O/Us don’t sling hulls all over the place. Although most have automatic ejectors, it’s a simple matter to cup your palm over the breech as you open the gun and pop the empties into your hand.
With an O/U it’s easy not to litter when you’re out hunting or shooting, and it saves yourself the trouble of policing empties on the range.
The ability to eject shells into your hand also allows you to keep the hulls to reload later, without having to pick them out of the mud or search for them in the grass.
A gun is only as safe as the person handling it. With that said, it’s easy to handle a break-action gun safely. Push the lever and the gun opens. Dump the shells into your hand, and you’ve rendered it completely safe for, say, crossing an obstacle while hunting.
That’s way more convenient than pumping shells on the ground and picking them up.
Additionally, it’s easy to open the gun and glance down the bores of both barrels to see if you’ve plugged your muzzle with mud or snow after a stumble.
At the club, or in the field, you can carry it broken open to show others that the gun is unloaded.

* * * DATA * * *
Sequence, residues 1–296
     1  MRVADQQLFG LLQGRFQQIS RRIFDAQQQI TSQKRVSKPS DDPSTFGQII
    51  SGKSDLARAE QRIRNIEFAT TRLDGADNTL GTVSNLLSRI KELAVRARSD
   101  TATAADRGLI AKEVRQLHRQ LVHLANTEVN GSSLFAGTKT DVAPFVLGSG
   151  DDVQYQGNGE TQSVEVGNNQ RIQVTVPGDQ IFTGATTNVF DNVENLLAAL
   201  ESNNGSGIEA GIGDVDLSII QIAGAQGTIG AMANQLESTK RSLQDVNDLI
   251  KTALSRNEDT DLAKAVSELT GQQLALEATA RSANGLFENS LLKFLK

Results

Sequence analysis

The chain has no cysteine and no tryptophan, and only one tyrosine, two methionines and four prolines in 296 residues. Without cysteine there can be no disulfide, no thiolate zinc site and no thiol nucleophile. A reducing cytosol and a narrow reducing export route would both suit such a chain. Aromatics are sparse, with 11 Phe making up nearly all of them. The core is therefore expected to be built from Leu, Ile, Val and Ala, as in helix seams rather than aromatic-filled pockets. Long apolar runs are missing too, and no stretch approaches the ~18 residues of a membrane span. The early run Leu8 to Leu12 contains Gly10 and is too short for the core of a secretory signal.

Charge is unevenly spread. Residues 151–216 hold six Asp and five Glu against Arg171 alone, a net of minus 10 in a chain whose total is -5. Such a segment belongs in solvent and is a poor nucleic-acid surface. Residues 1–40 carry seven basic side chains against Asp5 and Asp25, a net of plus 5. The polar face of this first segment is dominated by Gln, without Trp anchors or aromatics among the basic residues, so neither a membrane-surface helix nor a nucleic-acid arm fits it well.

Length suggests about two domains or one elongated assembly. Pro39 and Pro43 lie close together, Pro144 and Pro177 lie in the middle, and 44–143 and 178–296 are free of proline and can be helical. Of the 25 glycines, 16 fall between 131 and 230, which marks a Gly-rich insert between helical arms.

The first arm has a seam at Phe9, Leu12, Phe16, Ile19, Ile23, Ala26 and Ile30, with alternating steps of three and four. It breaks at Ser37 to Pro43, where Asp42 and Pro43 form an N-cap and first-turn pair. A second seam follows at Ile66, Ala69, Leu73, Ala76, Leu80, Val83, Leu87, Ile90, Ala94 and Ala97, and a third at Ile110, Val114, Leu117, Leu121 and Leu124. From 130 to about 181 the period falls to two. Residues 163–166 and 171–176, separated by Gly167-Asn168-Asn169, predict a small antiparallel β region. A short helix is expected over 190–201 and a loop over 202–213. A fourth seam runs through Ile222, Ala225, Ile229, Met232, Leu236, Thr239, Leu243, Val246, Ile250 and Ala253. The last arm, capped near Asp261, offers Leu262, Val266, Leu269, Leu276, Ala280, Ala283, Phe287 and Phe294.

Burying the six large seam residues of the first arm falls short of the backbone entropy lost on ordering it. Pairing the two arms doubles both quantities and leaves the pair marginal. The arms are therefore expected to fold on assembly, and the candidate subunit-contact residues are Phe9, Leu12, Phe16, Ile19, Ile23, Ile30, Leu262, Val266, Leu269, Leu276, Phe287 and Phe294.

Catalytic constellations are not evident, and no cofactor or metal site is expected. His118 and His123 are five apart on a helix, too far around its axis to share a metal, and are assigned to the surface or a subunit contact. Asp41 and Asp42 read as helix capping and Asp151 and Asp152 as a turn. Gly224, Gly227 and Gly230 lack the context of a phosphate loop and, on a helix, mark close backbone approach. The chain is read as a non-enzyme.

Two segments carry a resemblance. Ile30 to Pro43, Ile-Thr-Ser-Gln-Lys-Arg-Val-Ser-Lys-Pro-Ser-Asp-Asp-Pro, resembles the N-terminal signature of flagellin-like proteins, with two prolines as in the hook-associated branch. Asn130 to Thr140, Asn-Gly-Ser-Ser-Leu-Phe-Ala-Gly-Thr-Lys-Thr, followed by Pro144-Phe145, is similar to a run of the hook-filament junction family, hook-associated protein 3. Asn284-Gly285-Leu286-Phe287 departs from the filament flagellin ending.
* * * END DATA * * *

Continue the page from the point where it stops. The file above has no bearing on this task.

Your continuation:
Properly cared for, O/Us last for hundreds of thousands of rounds. The high-end target guns like the Krieghoff, Perazzi, Blaser, and Beretta DT-11 will shoot practically forever. Caesar Guerini clams its Invictus can fire a million rounds.
There just isn’t much to go wrong with an O/U, as they have very few moving parts. Care for them, and your grandchildren will shoot them.
When they O/Us begin to wear, it’s a fairly simple, and not terribly expensive job, for a gunsmith to put the gun back “on face”—that is, to tighten the action.
It’s easy to tell, too, if a gun is wearing. If you look down at an O/U from the top, its lever angles slightly to the right, at about 5 o’clock. As the gun wears, the lever moves slowly to the 6 o’clock position. As long as the lever is between 5:00 and 6:00, the gun should be fine.
Another way to check is to remove the forend (there’s either a latch on the bottom or a pushbutton on the end), and hold the barrels in one hand and the stock by the grip and wiggle. It should be solid.
The durability of the O/U, and the relative ease of checking it out, makes it a great gun to buy used, which is my favorite way to buy any gun.
7. Two Chokes